? about adding seperate breaker box

Reply

  #1  
Old 03-07-06, 11:31 AM
Member
Thread Starter
Join Date: Mar 2006
Posts: 1
Question ? about adding seperate breaker box

Ok here I go, there is a bit to spill here. I had a fire just before Christmas due to an overload (fire inspector said). One of my circuit breakers kept tripping, I was told to replace with a 30A, I did, still tripped so I put the 20A back in, well, to late I guess. Now as we are being restored, I want to know would it be possible to add an outlet under the eaves of all 4 corners of the house? or should I have a seperate breaker box installed? What can I do to ensure this problem never happens again? This house is 4 years old. My wife and I really love decorating for Holidays and such, but to be honest, I am really gun shy now. What can I do or should do to ensure this won't happen again, and to allow me to put my Christmas lights and yard decor's out without being nervous? I have no knowledge of electrical work, So please any information would be so helpful. We have just had the house re-wired where the damage was, and the electricians said it would cost $1000 for labor alone to hook up one outlet under 4 corners of the eaves. Any information would really help me.
Thanks.:wmann3:
 
Sponsored Links
  #2  
Old 03-07-06, 12:06 PM
Member
Join Date: Sep 2003
Location: Central New York State
Posts: 13,973
I don't know who told you to install a larger circuit breaker. Obviously it was stupid advice. I suggest you no longer turn to that person (or source) for advice, and that you tell them just how stupid their bad advice was and how it almost cost you your house.

You tripped a 20 amp circuit breaker. That means that you overloaded the circuit. The fact that you still tripped a 30 amp breaker means that you really overloaded the circuit. Either you tried to place way too many decorations on the circuit, or perhaps some of the decorations are defective and/or damaged.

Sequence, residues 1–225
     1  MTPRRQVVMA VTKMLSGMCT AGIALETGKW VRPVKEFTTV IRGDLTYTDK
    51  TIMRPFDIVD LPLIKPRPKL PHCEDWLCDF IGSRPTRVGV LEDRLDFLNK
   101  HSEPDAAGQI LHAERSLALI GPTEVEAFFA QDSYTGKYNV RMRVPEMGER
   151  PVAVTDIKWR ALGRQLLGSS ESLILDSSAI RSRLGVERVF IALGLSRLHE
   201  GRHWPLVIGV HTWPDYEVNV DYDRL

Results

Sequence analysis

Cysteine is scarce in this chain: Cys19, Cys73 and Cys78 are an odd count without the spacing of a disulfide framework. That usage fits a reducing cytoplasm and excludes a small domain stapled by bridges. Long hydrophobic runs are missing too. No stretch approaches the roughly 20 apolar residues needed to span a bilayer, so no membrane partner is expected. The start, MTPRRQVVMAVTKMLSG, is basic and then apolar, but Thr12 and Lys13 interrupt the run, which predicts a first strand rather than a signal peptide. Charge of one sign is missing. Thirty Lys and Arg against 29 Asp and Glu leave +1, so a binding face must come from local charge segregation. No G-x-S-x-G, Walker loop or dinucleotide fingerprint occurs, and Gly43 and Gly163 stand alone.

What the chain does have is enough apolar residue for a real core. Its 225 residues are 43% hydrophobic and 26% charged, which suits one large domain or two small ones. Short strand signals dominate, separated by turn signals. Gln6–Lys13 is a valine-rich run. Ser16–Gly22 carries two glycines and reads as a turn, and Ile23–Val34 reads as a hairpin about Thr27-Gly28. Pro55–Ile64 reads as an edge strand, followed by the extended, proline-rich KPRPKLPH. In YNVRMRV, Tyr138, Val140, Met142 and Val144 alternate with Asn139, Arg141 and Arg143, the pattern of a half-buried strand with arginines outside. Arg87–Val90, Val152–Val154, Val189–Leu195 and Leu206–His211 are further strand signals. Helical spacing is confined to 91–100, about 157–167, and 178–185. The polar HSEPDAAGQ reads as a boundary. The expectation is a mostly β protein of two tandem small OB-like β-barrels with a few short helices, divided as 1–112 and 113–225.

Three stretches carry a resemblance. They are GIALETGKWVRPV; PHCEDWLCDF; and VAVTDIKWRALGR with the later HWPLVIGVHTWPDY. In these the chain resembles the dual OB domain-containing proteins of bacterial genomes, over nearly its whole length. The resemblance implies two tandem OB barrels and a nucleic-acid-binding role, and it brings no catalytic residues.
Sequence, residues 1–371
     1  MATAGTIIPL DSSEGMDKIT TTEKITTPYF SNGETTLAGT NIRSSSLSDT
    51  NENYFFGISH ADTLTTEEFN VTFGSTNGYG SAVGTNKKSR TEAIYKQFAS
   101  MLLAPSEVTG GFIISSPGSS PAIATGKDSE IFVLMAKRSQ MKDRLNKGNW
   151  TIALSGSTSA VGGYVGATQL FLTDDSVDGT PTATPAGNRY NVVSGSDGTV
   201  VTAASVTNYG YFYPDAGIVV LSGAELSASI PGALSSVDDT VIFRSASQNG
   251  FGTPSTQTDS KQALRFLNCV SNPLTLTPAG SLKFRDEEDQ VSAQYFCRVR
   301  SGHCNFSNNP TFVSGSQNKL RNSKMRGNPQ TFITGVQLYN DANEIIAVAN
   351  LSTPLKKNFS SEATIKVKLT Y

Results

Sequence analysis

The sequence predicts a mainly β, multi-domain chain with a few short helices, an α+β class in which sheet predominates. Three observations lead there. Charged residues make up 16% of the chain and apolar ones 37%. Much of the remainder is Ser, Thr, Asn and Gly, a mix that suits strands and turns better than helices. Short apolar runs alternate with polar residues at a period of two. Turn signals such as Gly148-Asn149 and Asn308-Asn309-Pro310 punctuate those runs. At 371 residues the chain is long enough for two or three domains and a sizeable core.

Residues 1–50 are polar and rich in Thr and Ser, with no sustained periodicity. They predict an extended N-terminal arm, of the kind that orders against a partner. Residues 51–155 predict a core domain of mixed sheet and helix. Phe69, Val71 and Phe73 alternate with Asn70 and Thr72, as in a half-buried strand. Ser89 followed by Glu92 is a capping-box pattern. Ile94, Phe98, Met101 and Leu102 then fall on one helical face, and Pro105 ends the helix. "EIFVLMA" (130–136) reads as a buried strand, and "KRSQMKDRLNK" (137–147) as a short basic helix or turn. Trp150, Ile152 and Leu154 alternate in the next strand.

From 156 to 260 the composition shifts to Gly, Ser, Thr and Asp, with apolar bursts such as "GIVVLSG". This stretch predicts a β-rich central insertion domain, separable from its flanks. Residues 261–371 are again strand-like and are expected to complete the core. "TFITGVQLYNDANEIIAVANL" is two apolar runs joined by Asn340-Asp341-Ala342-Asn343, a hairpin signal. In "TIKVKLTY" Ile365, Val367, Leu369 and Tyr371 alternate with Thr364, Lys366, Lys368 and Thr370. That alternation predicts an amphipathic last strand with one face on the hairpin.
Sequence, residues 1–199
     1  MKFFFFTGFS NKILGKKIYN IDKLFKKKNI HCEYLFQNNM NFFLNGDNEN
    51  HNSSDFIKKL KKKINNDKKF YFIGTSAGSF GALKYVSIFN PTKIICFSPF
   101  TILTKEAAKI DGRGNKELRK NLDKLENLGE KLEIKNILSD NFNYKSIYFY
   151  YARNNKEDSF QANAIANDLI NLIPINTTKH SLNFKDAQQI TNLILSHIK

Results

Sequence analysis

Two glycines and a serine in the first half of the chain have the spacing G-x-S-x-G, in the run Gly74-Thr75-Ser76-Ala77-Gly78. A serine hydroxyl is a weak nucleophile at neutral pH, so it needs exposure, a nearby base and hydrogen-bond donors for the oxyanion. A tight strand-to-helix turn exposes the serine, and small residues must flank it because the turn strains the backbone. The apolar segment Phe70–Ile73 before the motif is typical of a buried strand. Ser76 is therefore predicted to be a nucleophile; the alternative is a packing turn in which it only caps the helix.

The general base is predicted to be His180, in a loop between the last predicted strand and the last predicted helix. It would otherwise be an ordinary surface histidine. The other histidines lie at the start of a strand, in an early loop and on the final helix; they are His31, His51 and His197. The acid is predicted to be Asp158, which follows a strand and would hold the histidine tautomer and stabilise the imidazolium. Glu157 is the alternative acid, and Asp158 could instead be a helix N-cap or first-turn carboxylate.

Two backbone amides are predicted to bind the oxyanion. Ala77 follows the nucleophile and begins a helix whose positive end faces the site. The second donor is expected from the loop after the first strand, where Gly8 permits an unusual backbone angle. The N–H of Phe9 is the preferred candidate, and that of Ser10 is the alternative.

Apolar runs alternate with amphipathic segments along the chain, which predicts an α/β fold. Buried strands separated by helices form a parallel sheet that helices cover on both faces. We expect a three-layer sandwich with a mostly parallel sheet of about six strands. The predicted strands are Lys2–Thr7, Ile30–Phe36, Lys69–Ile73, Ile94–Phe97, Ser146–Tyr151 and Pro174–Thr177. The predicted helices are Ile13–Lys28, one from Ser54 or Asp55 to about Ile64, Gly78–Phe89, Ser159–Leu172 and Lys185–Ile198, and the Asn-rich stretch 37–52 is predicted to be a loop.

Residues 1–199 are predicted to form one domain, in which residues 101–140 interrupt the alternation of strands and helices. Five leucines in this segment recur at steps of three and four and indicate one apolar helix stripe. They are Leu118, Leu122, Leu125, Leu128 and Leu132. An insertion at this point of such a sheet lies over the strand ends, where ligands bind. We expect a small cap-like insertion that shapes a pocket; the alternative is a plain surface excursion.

I suggest that you only use known good decorations that that you inspect and test the decorations before you put them up. Inspect them, repairing or replacing anything with a damaged cord or wire. Test them one at time. make sure that you only use OUTDOOR decorations outside the house. If you notice anything unusual with the testing, such as lights dimming or hot wires, then repair or replace the device.

Make sure that you never, ever, up size a breaker. In fact, if they didn't do so, I would have the electrician back in and have them make sure that your existing breakers are properly sized for the wiring. This will mean 15 or 20 amp breakers for the 120 volt circuits.

You don't need a new panel. If there is space in your existing panel (and there may be space without it looking like there is space) then one or more new circuits can be run from your existing panel. If there isn't space then a sub panel can be run. It may even be such that an existing or lightly used circuit can be extended to power your lights. For example, if you have an outside circuit, you may be able to extend it, as long as you don't try to use your electric lawn mower or your electric snow thrower or your electric hedge trimmer when the decorations are turned on.
 
  #3  
Old 03-08-06, 12:33 AM
bolide's Avatar
Member
Join Date: Jan 2006
Location: PA
Posts: 1,909
For outdoor lights, make sure the outlets are GFCI protected.
(This is a good idea for indoor decorations too.)
 
Reply

Posting Rules
You may not post new threads
You may not post replies
You may not post attachments
You may not edit your posts

BB code is On
Smilies are On
[IMG] code is On
HTML code is Off
Trackbacks are Off
Pingbacks are Off
Refbacks are Off


Thread Tools
Search this Thread
Display Modes
'